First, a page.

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Farm, Life

Room to Grow

22 May, 2016

I have learned a lot of important garden and farming lessons in the past few months and so many of them are metaphors for very important life lessons.

I planted three different types of sugar snap peas at the beginning of this journey. In one raised bed I planted a hundred seeds of two types, intermingled in a row. Snap peas need something to grow on, a type of trellis, so we put up some big branches because we thought the bark would allow the snaps to easily grab and grow along them.

pea trial

In the second raised bed, a week later, I planted only 50 seeds of one type of snap pea, except this time they were planted further apart, on either side of a A frame made of bamboo stalks. The bamboo was slicker so we put string every 6 inches going up, so that the peas could grab on to that if nothing else.

a frame

These pictures show the results so clearly. In my first attempt, the peas have created a low bush. Those shoots and leaves that cannot get enough sun are yellowed and withering. I was able to get some really delicious peas off these plants for the CSA last week but the plants have not recuperated from the harvest.

In the second attempt the pea plants are healthy and green. I had to spend extra time helping those plants (training them) up onto the A frame but the result is that they are healthy. As an added bonus I don’t have to bend down and search when I am harvesting because these sweet peas are at eye level.

a frame peas

Most people tell you to plant close together and then thin the plants so that the most healthy ones remain, spaced further apart. It’s hard to thin though, when you are trying to save space and grow more food. I had also read that you can plant many things closer together in order to reduce weed pressure, without harming the plants. Now I know that thinning is a very important part of my farm, especially for plants like peas and beans, because they need room to grow, to reach for the sunshine, and to spread out a bit. How true this is for us humans too.

peas and tipi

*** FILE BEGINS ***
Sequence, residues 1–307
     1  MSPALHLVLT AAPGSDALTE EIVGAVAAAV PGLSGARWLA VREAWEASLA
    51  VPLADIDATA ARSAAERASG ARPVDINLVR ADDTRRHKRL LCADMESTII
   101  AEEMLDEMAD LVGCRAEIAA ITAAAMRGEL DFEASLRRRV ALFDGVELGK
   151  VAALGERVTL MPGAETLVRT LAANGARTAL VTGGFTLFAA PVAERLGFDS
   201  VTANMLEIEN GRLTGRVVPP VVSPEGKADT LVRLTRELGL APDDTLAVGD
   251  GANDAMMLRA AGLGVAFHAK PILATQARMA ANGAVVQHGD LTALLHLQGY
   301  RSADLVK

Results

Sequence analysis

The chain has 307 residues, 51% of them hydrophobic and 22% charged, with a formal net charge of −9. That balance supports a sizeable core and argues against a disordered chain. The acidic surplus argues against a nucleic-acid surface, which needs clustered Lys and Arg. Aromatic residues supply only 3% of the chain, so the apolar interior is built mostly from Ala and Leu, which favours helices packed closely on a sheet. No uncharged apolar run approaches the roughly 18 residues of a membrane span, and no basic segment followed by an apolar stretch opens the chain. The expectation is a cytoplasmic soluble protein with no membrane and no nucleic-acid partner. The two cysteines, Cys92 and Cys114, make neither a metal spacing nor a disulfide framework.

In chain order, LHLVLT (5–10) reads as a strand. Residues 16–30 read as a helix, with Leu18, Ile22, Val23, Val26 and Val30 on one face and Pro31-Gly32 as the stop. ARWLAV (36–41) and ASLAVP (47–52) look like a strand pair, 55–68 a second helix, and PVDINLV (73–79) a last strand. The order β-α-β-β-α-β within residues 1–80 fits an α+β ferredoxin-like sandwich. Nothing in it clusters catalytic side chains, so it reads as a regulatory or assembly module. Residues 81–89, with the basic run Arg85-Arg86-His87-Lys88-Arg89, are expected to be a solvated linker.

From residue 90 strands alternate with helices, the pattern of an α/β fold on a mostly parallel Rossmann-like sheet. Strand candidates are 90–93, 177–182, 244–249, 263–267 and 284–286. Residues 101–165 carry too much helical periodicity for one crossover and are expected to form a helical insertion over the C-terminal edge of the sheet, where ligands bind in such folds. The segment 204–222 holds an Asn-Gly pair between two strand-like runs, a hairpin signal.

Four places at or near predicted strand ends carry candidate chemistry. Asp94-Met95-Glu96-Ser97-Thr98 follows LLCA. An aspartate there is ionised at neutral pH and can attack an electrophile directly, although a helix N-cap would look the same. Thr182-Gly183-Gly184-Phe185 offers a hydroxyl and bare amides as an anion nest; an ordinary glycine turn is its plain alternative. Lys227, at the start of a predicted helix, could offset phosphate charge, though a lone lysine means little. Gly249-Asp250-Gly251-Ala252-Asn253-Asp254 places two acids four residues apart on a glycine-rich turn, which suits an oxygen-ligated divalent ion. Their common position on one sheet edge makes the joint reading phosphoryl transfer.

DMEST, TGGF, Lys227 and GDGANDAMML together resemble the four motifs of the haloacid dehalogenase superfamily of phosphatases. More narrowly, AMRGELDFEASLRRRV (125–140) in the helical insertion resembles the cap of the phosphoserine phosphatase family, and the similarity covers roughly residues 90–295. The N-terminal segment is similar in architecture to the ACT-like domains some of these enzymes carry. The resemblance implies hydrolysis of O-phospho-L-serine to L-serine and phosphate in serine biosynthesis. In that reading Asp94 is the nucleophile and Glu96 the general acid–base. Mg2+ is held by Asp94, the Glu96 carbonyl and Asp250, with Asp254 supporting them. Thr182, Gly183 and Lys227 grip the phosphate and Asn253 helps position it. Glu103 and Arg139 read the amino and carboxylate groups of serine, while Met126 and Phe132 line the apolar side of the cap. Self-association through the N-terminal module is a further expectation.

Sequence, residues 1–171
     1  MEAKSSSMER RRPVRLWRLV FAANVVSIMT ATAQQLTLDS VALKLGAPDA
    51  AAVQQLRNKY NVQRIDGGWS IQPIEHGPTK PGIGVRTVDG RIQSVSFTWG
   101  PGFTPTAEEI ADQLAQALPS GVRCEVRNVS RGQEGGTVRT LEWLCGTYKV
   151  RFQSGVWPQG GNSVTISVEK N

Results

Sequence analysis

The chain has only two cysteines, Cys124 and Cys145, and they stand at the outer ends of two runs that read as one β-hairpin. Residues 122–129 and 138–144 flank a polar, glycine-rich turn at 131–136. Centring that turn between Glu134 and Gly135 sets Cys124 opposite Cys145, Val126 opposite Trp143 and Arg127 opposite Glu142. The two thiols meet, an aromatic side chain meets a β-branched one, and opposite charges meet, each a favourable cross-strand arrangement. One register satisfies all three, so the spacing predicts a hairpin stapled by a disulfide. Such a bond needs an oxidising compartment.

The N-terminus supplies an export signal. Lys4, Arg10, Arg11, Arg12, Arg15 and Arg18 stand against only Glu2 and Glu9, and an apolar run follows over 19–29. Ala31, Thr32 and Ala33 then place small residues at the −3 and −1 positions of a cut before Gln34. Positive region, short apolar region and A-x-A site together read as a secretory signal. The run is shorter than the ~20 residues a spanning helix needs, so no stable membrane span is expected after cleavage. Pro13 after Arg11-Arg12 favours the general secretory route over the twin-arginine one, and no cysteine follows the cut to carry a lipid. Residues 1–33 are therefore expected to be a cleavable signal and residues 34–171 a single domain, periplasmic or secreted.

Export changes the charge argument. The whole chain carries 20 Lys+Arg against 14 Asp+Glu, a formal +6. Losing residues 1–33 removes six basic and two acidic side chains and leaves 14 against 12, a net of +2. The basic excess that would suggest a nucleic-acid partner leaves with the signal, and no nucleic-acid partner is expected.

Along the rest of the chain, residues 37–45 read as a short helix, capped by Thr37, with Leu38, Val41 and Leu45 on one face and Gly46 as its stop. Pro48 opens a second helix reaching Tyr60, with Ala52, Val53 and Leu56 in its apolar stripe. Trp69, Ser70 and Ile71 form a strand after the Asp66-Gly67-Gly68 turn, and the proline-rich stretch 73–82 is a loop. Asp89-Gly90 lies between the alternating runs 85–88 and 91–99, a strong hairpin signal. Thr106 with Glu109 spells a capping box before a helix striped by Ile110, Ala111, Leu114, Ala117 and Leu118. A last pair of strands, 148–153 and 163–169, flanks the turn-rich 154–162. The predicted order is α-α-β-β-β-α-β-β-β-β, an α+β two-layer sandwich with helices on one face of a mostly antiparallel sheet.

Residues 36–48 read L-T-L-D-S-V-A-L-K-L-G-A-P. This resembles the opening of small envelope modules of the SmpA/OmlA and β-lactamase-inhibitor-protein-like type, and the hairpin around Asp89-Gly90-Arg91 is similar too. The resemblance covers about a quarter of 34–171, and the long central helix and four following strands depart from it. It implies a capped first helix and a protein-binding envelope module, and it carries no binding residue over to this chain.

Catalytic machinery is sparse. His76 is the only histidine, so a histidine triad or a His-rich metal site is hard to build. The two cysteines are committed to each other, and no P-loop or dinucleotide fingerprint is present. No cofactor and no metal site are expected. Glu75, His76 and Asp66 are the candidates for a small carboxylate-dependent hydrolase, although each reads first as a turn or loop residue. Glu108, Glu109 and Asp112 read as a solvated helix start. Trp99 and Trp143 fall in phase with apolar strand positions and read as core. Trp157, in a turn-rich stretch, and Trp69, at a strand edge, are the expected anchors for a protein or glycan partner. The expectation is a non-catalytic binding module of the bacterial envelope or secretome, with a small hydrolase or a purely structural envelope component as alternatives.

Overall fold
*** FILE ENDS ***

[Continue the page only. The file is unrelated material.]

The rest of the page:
<3 Jessa

Farm, Life

Let’s Talk About Eggs

15 May, 2016

When I was younger I never thought much about eggs. I didn’t even really like them that much. Then I saw and tasted farmer’s market eggs. And at a different time Wayne, my hubs with the culinary school background, made me good eggs. Apparently all I had ever had were overcooked sad eggs but now I knew happy, delicious eggs. So if you don’t know and you don’t care to know – stop reading. Otherwise, here are some basics on egg labeling and what those labels mean.

Those Cheap Eggs

The deal with those cheap eggs at the grocery store is that they are usually the bottom of the barrel with the worst taste, the worst animal welfare rating, and *arguably* the least amount of nutrition. All eggs come from chickens but these chickens often spend their entire lives in a cage no larger than a sheet of notebook paper. Sometimes the cages don’t have true bottoms so the chickens little feet become deformed trying to stand on wire. Often they are “de-beaked” which means their beaks are trimmed in such a way that they can’t peck at one another, because they are so close and so stressed that they get aggressive. The animals don’t get any exercise, they don’t get to do any of their normal chicken things, and they are pretty sick – so they use a lot of antibiotics. If you want to see what this looks like google “battery cage chicken”.

Cage Free